Kansas City lawyer explores independent bid for U.S. Senate in 2018 | The Kansas City Star

A Kansas City lawyer could shake up one of the most competitive Senate races in the country as he seriously considers running as a centrist independent against U.S. Sen. Claire McCaskill and her eventual Republican challenger.

Craig O’Dear, a Kansas City attorney who has the backing of the national Centrist Project, has launched an exploratory campaign committee for a possible independent bid for the Senate.

The Missouri race promises to be one of the most expensive in the country and could determine which party controls the Senate.

McCaskill is viewed as one of the most vulnerable Democratic incumbents, and several national groups, including the Club for Growth, plan to spend significant money on behalf of Missouri Attorney General Josh Hawley, the GOP frontrunner.

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O’Dear, a 60-year-old Missouri native, is a partner with Bryan Cave LLP, an international law firm that has an office in Kansas City. He also is involved with the Midwest Innocence Project, a nonprofit that works to exonerate people who have been wrongfully convicted.

O’Dear, similar to other candidates backed by the Centrist Project, framed his candidacy as an alternative to partisan politics.

“Hyper-partisanship has deprived Missouri, and America, of effective leadership,” O’Dear said in a statement. “As George Washington taught us, the antidote to partisanship is independence. Our campaign would be about giving the people of Missouri an opportunity to take a stand for independence and to choose pragmatic problem solving over endless partisan warfare.”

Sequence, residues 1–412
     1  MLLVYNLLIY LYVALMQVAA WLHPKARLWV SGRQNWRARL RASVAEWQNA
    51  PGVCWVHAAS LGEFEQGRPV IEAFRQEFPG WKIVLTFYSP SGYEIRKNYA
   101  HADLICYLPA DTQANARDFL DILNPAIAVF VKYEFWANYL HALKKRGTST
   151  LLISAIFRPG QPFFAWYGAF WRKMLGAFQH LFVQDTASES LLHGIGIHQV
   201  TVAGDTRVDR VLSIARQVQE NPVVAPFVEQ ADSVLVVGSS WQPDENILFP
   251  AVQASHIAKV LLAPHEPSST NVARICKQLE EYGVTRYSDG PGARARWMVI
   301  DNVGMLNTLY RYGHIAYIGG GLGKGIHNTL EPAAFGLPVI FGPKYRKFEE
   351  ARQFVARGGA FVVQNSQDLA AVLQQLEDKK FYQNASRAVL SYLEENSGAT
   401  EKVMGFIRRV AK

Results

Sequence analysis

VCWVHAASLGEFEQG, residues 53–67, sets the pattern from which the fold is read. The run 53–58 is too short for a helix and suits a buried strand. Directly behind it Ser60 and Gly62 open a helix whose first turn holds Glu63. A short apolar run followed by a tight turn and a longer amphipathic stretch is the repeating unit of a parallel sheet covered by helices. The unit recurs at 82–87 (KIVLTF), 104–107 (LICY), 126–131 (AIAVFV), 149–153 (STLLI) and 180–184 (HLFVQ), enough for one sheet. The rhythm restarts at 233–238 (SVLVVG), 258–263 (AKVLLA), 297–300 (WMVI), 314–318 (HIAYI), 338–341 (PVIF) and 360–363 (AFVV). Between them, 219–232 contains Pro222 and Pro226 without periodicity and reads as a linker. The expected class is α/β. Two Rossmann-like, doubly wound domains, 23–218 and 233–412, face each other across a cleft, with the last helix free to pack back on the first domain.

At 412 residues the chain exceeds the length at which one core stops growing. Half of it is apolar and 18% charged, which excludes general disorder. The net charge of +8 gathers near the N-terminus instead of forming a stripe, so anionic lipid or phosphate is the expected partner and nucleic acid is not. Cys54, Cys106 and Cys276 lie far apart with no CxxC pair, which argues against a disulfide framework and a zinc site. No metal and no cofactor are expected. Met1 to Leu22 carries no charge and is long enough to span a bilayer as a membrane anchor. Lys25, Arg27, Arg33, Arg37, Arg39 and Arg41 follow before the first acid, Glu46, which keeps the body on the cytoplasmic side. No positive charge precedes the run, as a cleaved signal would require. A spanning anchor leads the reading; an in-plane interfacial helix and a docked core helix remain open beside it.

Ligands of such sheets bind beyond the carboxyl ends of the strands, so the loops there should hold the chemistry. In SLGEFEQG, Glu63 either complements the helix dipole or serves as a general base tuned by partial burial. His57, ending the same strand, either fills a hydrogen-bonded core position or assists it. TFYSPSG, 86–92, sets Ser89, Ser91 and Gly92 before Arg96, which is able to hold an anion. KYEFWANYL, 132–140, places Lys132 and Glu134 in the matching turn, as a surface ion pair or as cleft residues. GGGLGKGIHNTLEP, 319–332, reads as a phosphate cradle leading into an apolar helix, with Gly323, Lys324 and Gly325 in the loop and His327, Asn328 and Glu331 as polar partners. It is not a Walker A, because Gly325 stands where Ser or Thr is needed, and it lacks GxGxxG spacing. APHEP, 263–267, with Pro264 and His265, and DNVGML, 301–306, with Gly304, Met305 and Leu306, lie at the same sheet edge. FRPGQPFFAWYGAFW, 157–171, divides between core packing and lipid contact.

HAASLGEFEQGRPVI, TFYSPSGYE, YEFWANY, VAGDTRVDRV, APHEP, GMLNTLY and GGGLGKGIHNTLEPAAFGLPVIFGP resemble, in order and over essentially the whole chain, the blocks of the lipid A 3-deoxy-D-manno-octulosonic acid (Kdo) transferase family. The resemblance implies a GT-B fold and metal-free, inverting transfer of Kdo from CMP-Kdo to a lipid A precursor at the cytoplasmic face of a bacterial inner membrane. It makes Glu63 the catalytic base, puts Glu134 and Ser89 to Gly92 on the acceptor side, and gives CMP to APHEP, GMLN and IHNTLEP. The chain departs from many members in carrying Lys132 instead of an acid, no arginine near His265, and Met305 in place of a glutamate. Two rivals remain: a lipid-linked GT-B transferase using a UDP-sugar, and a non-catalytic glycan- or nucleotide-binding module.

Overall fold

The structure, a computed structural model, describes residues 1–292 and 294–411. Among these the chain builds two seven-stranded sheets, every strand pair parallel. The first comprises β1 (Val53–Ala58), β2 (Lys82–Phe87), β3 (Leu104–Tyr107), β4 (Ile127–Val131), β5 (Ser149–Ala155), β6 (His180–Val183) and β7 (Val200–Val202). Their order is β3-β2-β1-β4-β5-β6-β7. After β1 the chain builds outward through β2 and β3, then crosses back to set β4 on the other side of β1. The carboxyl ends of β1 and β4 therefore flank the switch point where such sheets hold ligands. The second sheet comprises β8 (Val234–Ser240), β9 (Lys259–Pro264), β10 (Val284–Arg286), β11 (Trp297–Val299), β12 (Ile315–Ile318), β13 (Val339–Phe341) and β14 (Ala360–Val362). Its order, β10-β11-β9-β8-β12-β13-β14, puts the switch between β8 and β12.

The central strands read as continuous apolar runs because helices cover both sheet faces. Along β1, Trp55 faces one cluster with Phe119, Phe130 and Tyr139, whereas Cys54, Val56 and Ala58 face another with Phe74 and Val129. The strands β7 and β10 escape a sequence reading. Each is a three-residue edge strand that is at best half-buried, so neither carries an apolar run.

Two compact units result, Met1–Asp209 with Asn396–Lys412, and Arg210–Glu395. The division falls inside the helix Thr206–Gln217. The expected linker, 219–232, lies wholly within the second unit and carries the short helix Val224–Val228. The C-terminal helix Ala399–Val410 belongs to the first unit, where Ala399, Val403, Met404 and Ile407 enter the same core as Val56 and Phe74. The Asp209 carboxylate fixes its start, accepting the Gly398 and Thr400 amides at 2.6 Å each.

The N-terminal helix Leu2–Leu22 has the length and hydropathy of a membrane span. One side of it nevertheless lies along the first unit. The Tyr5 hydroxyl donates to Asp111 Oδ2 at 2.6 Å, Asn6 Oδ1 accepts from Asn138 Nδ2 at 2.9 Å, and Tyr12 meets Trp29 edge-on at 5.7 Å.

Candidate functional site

O’Dear’s rhetoric bears striking similarity to that of Greg Orman, who mounted an unsuccessful campaign for U.S. Senate in Kansas in 2014 and is weighing a bid for governor this year.

O’Dear contributed $1,500 to Orman’s candidacy in 2014, according to the Federal Election Commission.

O’Dear could play a significant role in the Missouri election because early polls show McCaskill and Hawley locked in a tight race.

A January poll from Missouri Scout of 1,122 likely voters found that 49 percent support Hawley compared to 45 percent for McCaskill, with 6 percent undecided. The poll had a margin of error of plus or minus 2.9 percentage points.

“In a close race, everything matters,” said Nate Gonzales, the editor and publisher of Inside Elections, a Washington-based publication that analyzes U.S. House and Senate races.

“I think the burden of proof is on any third-party or independent candidate to demonstrate an ability to move beyond a typical protest vote,” Gonzales said. “There are third party and independents in most races, so on its face it’s nothing new, but it has the potential to be a complicating factor in an already competitive race.”

O’Dear has a history of donating to candidates of both parties, including $1,000 to Democrat Hillary Clinton’s presidential campaign in 2016. During the same election cycle, he contributed $1,000 to U.S. Sen. Roy Blunt, a Missouri Republican, and $500 to U.S. Sen. Jerry Moran, a Kansas Republican.

He also donated $3,200 to Republican Eric Greitens’ successful campaign for Missouri governor in 2016 and gave $500 to Chris Koster, Greitens’ Democratic opponent, according to data from the National Institute on Money in State Politics.

Bryan Lowry: 816-234-4077, @BryanLowry3

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